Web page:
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Muslim Epistemology : An Analytical Appraisal of Islamization of Knowledge PDF Print E-mail

Muhammad Amin

Muslim epistemology means Islamic theory of knowledge or the Islamic concept of knowledge. It discusses nature of knowledge, its sources, objectives and scope, its types and branches, which branch of knowledge is useful and should be acquired, which one is harmful and should better be avoided, what is possible to know, and what is simply not possible to know, how can knowledge be acquired etc.

The discussion of epistemology is not merely theoretical as it has a close bearing on human thought and behavior in individuals and the society at large. Epistemology, in fact, is the product of the worldview of a society (its concept of man, the universe and the deity).The concept of knowledge in a society gives birth to different disciplines and branches of knowledge, educational philosophy and institutional infra-structure. Education plays a key role in the character building of individuals who in turn make up the society and develop a civilization.

The importance of epistemology should be evident from the fact that the Noble Quran provides detailed guidance in this regard, and the subject also gets high priority in the Ahadith. For instance, Imam Bukhari, in his Sahih, has set the chapter on Ilm (knowledge) immediately after the Book of Revelation and the Book on Iman, and it is an exhaustive study spread over sixteen chapters. Similarly, Muslim ulema and scholars, theologians, thinkers and the Sufis (mystics) have attached great importance to knowledge and discussed it at length. (2) Accordingly, Imam Ibne Abdul Barr, Syed Ali Hajveri, Ibne Sina, Imam Ghazali, Ibne Rushd, Ibne Khuldoon, Ibne Arabi, Ibne Taimiyah, Mullah Sadrah, Shah Wali Ullah, Shah Ismail Shaheed, and in the recent past Allama Muhammad Iqbal, Maulana Syed Abul Ala Maudoodi, and Dr. Rafi Uddin have made valuable contribution in this field. (3)

 

Muslim history also bears witness to the fact that the Islamic ideology of life brought about all embracing spiritual, moral and conceptual development of the Muslims during the period of the Holy Prophet (PBUH) and his companions,  and the Muslims made remarkable advancement in every sphere of knowledge, religious, as well as secular including social sciences, technology and natural sciences. However, after about one thousand year, deviation of the Muslims from their worldview coupled with the absence of a proper system of education and Tarbiyah, internal dissention and various other factors weakened the Muslim world and they became slaves of the strong Western nations. The awakened sections in the Muslim society continued their resistance against the oppressive forces and were finally successful in throwing away the yoke of slavery within a century or two. But as is always the case, the oppressive forces don’t occupy lands only, they also enslave minds and hearts of the oppressed nations. Accordingly, after invading the Muslim states, the Western Imperialism wound up the educational system of the Muslims, replacing it with their own based on the Western worldview and epistemology. This strategy enable them to create a class of the local Muslims which were Muslim in name but practically loved the Western values and culture in all respects. (4)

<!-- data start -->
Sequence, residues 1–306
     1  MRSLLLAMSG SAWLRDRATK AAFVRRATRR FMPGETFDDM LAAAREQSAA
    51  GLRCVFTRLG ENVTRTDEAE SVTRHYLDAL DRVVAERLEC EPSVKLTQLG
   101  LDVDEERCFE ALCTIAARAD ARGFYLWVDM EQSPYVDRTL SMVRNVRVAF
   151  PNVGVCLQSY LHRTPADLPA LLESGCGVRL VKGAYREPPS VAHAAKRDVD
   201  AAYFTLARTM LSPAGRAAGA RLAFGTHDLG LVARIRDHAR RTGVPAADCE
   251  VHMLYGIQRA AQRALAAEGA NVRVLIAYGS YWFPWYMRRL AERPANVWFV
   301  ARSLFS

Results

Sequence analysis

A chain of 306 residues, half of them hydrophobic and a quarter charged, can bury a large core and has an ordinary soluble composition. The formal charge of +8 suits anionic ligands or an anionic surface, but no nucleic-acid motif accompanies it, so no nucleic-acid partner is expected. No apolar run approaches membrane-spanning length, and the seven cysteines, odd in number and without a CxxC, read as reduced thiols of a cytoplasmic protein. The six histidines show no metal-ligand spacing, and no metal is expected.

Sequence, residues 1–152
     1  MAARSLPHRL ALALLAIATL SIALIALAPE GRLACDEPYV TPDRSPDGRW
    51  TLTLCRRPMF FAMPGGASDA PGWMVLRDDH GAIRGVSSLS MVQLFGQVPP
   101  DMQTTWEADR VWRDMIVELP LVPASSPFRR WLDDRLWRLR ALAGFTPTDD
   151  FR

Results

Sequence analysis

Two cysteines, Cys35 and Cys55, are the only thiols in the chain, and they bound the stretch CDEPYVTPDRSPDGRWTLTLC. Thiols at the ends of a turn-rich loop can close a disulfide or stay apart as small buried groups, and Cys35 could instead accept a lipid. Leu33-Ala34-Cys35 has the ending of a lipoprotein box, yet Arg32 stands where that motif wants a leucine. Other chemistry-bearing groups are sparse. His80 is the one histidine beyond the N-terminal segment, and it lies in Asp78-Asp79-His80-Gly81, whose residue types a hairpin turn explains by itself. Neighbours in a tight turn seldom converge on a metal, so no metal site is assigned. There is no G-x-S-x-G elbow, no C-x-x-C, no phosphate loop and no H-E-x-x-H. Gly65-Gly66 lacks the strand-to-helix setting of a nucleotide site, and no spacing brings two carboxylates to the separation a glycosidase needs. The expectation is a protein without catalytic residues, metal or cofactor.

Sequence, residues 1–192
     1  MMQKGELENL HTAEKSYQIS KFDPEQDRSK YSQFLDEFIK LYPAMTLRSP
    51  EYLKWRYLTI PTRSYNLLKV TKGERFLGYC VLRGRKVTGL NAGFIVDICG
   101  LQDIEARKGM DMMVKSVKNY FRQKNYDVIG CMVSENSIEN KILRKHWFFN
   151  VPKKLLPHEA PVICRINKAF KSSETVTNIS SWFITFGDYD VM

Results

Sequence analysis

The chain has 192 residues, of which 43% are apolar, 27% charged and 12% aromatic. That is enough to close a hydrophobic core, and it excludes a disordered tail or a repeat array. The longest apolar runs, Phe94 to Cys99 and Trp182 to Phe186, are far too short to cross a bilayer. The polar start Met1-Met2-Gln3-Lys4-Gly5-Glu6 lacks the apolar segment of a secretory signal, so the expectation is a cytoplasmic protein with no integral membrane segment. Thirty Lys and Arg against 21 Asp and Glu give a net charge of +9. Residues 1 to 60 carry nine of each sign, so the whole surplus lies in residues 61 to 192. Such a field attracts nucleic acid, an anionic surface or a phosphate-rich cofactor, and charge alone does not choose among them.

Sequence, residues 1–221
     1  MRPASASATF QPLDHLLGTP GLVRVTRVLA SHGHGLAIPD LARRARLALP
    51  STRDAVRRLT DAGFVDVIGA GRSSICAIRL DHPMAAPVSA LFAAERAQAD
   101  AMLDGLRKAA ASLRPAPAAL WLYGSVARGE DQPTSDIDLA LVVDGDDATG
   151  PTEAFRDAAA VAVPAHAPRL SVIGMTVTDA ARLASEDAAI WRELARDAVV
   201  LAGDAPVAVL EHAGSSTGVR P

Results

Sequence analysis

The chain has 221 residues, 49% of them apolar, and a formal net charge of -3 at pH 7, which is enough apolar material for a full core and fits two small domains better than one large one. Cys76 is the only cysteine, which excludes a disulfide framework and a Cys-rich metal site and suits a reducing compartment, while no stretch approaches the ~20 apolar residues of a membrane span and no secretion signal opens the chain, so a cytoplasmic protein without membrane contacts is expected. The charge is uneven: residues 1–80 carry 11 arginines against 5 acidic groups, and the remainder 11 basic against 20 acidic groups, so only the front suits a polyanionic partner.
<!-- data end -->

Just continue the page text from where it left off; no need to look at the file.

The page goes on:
Consequently, when the turn of events forced the Western nations to concede political freedom to the Muslims, they were successful in handing over power to the class which had been captivated by the glamour of Western thought and civilization. The net result was that the Western concept of life and knowledge remained acceptable in those liberated Muslim states and the educational system introduced by the colonial rules continued except with some cursory changes made under the pressure of religious groups and the general public. The Ulema who had succeeded in preserving the religious education to some extent by establishing Madrasas (religious schools) during the colonial rule did not realize their responsibilities in the newly liberated set up and stuck to their old education system which had no room for secular knowledge and disciplines. This was the overall situation for the last three quarters of a century although some Muslim thinkers advocated that an educational system founded on the Western worldview and epistemology did not provide solution to the problems of the Muslim world, and that the Muslims should evolve their own educational system based on the Islamic worldview and epistemology. The writings of Allama Muhammad Iqbal, Syed Abul Ala Maudoodi and Dr. Rafi Uddin in the recent past, especially in the Indian subcontinent, established this point.

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